To allow later evaluations of the stocks of data produced in this manner, the free text reports are converted into a structured format, for example DICOM-SR or XML, in addition to their original format. For this purpose, rules are defined which stipulate the systematics of conversion.
  • [0028]
    The starting point is unstructured text information 9, shown in FIG. 2, which has been produced by way of dictation or free text input. This text information 9 is used as input for an apparatus which is intended to convert this unstructured text information 9 into a structured form.
  • [0029]
    [0029]FIG. 2 gives the following as an example of unstructured text information 9:
  • [0030]
    Indication: Diaphoresis. Rule out abnormalities of regional wall movements. Check hypertonic cardiomyopathy. Rule out myocardial infarction. Assess the left of the sputum component from the left ventricle. Rule out an aneurysm of the left ventricle. History: other relevant histories include: further cocaine abuse. Previous CV procedures:
  • [0031]
    Studyinfo. The study was carried out under general anesthesia.
  • [0032]
    To convert this unstructured text information 9 into a structured form, structuring rules 10 are input into this apparatus using the keyboard 1 and are stored in the memory apparatus 4, these structuring rules forming the basis of the conversion.
  • [0033]
    These structuring rules 10 define those text fragments for which the text needs to be searched and what result the finding of such a text fragment has in the conversion. In the example described below, finding the text fragment “Indication”, for example, signifies that a new element which describes an indication is inserted into the structure.
  • [0034]
    The text below gives examples of such structuring rules 10, which are shown in FIG. 2. The general basis is that structuring rules 10 are defined which stipulate, on the basis of the finding of text fragments, how unstructured text information 9 is transferred to a structured form.
  • [0035]
    If the text contains the word “Indication”, then the word needs to be handled with open actions under element “Indication”. The same applies for the word “History” as “History” element and for “Studyinfo” as “Studyinfo” element.
  • [0036]
    If the text contains the word “Diaphoresis”, then it needs to be inserted as an action under element “Indication”. The word “Cocaine abuse” in the text needs to be inserted under element “History entry”. The term “General anesthesia” needs to be inserted under element “Studyinfo”.
  • [0037]
    These and other structuring rules 10 which have been input once, but can be changed at any time, are used to put unstructured text information 9 from the free text report into a structured form, so that the structured text information 11 which has now been obtained and which is described below can be searched for particular terms.
  • [0038]
    <Report>
  • [0039]
    <Indications>
  • [0040]
    <Indication> Diaphoresis</ Indication >. Rule out abnormalities of regional wall movements. Check hypertonic cardiomyopathy. Rule out myocardial infarction. Assess the left of the sputum component from the left ventricle. Rule out an aneurysm of the left ventricle.
  • [0041]
    </Indications>
  • [0042]
    <History>
  • [0043]
    Other relevant histories include: further <History entry> Cocaine abuse <History entry>. Previous CV procedure(s):
  • [0044]
    </History>
  • [0045]
    < Studyinfo >
  • [0046]
    The study was carried out under <Studyinfo> general anesthesia <Studyinfo>.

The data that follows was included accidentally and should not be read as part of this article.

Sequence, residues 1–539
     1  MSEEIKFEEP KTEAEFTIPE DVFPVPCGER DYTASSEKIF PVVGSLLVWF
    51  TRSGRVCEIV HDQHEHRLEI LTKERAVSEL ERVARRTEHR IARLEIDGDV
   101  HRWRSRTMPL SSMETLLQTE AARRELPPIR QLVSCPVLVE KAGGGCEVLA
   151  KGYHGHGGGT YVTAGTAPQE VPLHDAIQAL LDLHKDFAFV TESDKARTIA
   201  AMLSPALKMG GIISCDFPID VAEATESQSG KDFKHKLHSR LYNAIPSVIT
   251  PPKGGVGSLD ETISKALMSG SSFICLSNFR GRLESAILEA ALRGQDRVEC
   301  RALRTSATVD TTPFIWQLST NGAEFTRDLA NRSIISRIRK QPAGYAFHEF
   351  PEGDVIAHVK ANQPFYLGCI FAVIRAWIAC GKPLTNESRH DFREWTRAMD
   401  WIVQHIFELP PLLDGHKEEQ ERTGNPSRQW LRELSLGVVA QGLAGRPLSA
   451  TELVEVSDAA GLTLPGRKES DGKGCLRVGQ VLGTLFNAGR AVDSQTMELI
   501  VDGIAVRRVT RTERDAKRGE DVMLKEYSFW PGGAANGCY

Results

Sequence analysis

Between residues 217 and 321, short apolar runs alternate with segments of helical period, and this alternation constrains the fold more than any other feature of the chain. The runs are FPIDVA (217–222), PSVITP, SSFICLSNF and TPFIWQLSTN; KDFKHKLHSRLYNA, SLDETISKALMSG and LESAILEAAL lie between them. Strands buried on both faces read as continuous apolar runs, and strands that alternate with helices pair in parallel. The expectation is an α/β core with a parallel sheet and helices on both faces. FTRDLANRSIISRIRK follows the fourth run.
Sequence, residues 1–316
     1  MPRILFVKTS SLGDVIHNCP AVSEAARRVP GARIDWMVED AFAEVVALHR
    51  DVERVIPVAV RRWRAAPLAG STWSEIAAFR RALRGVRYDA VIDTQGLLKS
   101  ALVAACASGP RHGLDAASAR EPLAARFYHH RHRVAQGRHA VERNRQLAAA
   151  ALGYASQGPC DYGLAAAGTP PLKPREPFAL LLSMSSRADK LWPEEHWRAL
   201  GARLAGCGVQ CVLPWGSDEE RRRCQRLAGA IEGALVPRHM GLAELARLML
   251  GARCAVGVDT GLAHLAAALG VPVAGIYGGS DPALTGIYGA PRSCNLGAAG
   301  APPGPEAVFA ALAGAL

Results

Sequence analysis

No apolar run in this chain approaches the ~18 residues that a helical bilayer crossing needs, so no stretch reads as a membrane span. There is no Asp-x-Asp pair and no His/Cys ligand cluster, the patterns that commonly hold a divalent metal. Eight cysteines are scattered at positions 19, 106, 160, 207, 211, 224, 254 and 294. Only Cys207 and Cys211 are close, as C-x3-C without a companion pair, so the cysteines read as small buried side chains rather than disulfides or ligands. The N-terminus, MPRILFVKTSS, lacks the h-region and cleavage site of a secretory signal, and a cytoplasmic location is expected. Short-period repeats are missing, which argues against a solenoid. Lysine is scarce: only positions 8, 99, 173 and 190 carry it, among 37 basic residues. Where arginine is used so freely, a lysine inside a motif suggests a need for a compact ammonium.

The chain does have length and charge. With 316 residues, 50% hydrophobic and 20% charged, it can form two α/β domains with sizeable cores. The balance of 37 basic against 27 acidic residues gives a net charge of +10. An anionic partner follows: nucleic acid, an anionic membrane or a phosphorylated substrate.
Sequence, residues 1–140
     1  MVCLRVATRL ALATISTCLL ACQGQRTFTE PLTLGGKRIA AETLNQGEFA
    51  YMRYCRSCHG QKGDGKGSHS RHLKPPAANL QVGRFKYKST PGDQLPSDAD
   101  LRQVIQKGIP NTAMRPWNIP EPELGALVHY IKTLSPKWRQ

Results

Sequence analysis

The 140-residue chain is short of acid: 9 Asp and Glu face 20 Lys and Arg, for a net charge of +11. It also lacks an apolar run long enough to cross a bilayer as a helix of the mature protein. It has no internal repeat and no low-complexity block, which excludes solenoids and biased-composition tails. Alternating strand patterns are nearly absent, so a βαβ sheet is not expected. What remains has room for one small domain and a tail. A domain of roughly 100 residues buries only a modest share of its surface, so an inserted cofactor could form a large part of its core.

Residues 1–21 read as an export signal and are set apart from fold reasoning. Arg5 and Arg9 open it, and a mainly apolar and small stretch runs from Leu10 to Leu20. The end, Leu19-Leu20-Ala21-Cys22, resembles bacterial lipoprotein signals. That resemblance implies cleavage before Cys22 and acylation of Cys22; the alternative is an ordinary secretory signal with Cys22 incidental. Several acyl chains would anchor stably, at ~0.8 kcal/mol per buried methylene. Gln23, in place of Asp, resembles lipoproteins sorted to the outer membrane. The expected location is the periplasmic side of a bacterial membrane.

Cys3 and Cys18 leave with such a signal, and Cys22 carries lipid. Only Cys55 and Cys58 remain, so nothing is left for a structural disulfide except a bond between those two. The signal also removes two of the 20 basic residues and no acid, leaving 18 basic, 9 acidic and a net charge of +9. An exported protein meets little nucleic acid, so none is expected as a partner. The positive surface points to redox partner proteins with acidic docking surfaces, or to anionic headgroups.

• [0047]
    </Studyinfo>
  • [0048]
    </Report>
  • [0049]
    In this case, the invention involves unstructured text information being converted into a structure on the basis of the rule-based interpretation of contents.
  • [0050]
    Thus, by way of example, two documents can contain the following text passages:
  • [0051]
    a) “The patient was subjected to an extensive examination. An intestinal tumor was diagnosed.”
  • [0052]
    b) “Following a CT-based examination, a tumor in the intestinal tract was diagnosed”.
  • [0053]
    To structure the diagnosis, the following rules can be applied:
  • [0054]
    1. If a sentence contains the words “diagnosed”, “diagnostic result” or “diagnosis”, then it contains information relating to diagnosis.
  • [0055]
    1.1. If the same sentence contains the word “tumor” or “malignant tumor”, a tumor has been discovered.
  • [0056]
    1.1.1. If the same sentence contains the word “intestine” or “intestinal tract”, then intestinal cancer has been diagnosed.
  • [0057]
    1.2. If the sentence contains the word “intestinal tumor” or “intestinal cancer”, then intestinal cancer has been diagnosed.
  • [0058]
    The same text fragment is analyzed in this manner from a wide variety of aspects. The knowledge obtained from these analyses is then converted into corresponding structures:
  • [0059]
    <Diagnosis>
  • [0060]
    <Code> DF-0044A </CODE>
  • [0061]
    <Meaning> Intestinal cancer </Meaning>
  • [0062]
    </Diagnosis>
  • [0063]
    It is thus possible to access atomic information automatically, since the content is given a finely structured form by the inventive apparatus. Hence, free text reports can also be used for structured presentation and automatic evaluation of the information.
  • [0064]
    Exemplary embodiments being thus described, it will be obvious that the same may be varied in many ways. Such variations are not to be regarded as a departure from the spirit and scope of the present invention, and all such modifications as would be obvious to one skilled in the art are intended to be included within the scope of the following claims.
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Referenced by
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Classifications
U.S. Classification715/234, 715/256
International ClassificationG06F17/22, G06F17/27
Cooperative ClassificationG06F17/2229, G06F17/2247, G06F17/2264, G06F17/2276, G06F17/277, G06F17/2715
European ClassificationG06F17/22T4, G06F17/22M, G06F17/22T, G06F17/22F, G06F17/27A4, G06F17/27R2
Legal Events
DateCodeEventDescription
Feb 17, 2004ASAssignment
Owner name: SIEMENS AKTIENGESELLSCHAFT, GERMANY
Free format text: ASSIGNMENT OF ASSIGNORS INTEREST;ASSIGNOR:KRICKHAHN, FRANK;REEL/FRAME:014979/0869
Effective date: 20031017